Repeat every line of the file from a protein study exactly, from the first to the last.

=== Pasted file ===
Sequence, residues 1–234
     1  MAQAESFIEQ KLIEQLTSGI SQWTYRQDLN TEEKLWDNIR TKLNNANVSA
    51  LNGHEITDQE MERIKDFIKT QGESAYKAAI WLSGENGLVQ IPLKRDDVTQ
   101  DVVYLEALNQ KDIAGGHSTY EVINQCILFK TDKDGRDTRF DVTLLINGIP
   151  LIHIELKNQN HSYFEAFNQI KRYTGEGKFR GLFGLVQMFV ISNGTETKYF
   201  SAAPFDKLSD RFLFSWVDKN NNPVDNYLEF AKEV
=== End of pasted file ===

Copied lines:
Sequence, residues 1–234
     1  MAQAESFIEQ KLIEQLTSGI SQWTYRQDLN TEEKLWDNIR TKLNNANVSA
    51  LNGHEITDQE MERIKDFIKT QGESAYKAAI WLSGENGLVQ IPLKRDDVTQ
   101  DVVYLEALNQ KDIAGGHSTY EVINQCILFK TDKDGRDTRF DVTLLINGIP
   151  LIHIELKNQN HSYFEAFNQI KRYTGEGKFR GLFGLVQMFV ISNGTETKYF
   201  SAAPFDKLSD RFLFSWVDKN NNPVDNYLEF AKEV